A startup and a nonprofit makerspace have rallied to create PPE, or personal protective equipment, for local hospitals. Getty Images

In the span of one day, the founders of Houston-based Lazarus 3D received calls from emergency room directors and physicians and vice presidents of hospitals explaining a dire need for personal protective equipment — like surgical masks and face shields — for medical professionals in the front lines of the battle against COVID-19.

"We stopped everything we were doing," says Jacques Zaneveld, co-founder of Lazarus, which makes 3D-printed human organs for surgeons to practice on. "We've moved 100 percent of our focus on developing PPE."

Now, Zaneveld with his co-founder, Smriti Agrawal Zaneveld, have manufacturing orders in for 700,000 surgical masks weekly and have designed a non-FDA approved face shield, which they have ordered a few million of. The duo has taken out a short-term loan to front the cost of the medical equipment and are now looking for the right customers to buy these new PPE products. All hospitals and medical professionals in need of supplies can head to Lazarus' website to request more info.

"Our personal feeling has been to do whatever we can do to build as many as possible," Jacques tells InnovationMap. "It's very stressful because I'm borrowing money that we don't have in order to set up these production lines."

On the other side of town, 3D printing nonprofit TXRX has reprogramed 30 of its 3D printers to make PPE. The nonprofit is working Memorial Hermann to quickly prototype and test items made with materials they can get their hands on.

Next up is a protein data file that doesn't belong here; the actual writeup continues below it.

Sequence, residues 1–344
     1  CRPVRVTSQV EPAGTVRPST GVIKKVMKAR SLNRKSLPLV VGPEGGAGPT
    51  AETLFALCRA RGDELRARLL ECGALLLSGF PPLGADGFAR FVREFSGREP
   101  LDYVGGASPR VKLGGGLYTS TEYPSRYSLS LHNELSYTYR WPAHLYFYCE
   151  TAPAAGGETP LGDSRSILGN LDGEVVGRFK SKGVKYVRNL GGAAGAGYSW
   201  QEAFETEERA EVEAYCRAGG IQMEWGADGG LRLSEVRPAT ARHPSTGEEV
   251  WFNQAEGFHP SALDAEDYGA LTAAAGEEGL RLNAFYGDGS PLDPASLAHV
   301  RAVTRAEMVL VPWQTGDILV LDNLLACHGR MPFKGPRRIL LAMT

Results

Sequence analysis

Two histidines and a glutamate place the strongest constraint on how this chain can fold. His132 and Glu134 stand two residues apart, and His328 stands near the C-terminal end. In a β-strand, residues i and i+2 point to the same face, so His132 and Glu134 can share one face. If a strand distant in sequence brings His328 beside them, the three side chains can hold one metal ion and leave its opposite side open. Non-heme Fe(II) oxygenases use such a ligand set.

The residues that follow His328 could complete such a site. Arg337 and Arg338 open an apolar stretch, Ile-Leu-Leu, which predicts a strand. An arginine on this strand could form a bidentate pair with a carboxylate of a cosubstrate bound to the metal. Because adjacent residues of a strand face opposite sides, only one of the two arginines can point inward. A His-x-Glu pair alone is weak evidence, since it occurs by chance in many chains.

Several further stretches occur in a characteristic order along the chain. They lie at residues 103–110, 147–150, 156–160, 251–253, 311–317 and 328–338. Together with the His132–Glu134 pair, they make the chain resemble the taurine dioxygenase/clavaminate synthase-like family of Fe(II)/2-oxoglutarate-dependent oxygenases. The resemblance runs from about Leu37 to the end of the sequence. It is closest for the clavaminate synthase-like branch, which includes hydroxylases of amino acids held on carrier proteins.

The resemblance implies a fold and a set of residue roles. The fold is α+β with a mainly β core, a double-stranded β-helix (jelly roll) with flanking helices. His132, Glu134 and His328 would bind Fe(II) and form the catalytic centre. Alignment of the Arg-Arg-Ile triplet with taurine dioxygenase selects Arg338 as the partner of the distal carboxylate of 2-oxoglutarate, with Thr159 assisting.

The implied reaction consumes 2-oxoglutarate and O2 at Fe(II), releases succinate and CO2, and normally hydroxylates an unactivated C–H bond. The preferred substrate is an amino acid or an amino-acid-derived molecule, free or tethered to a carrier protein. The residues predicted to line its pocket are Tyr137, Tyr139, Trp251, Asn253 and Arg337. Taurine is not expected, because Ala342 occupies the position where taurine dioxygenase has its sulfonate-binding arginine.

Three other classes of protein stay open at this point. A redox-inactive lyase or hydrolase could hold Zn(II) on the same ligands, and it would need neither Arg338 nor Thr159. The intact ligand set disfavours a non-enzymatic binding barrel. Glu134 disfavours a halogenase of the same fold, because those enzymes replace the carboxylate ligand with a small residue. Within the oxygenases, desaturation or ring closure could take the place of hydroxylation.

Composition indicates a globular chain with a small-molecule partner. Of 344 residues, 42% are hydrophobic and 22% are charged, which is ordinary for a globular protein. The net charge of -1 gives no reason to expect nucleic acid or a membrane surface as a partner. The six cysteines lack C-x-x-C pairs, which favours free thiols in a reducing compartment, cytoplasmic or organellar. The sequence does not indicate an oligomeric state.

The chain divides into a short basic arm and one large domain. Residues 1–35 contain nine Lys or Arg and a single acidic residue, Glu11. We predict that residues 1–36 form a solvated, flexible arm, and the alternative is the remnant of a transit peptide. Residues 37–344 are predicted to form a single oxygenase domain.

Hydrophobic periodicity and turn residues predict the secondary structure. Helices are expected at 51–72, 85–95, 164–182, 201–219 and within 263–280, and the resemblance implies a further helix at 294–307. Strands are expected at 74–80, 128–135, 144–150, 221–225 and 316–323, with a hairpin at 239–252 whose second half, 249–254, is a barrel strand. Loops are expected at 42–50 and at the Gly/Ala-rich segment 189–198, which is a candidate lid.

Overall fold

The Center for Disease Control has relaxed some of the requirements for PPE in light of the crisis and shortage, and Roland von Kurnatowski, president at TX/RX Labs, says that has helped speed up their efforts. But, the biggest challenge, he says, has been to quickly get together a design and prototype for Memorial Hermann to give them feedback so that they can then produce the products.

"I think there are a lot of people out there producing devices, but I think the problem is there's not a lot of clarity around materials, quality, and acceptance. People are doing what they can with what they've got," says von Kurnatowski. "Our hope working with Memorial Hermann was to make sure we are devising and testing devices that are functional and appropriate.

TXRX is also relying on Memorial Hermann and others in the medical community to indicate which PPE devices are most needed. Currently, the nonprofit is printing 10,000 face shields for Memorial Hermann, but also has designs for N95 respirators, surgical masks, a positive air pressure respirator (or PAPR), Tyvek suit, and even a portable shield for the intubation process.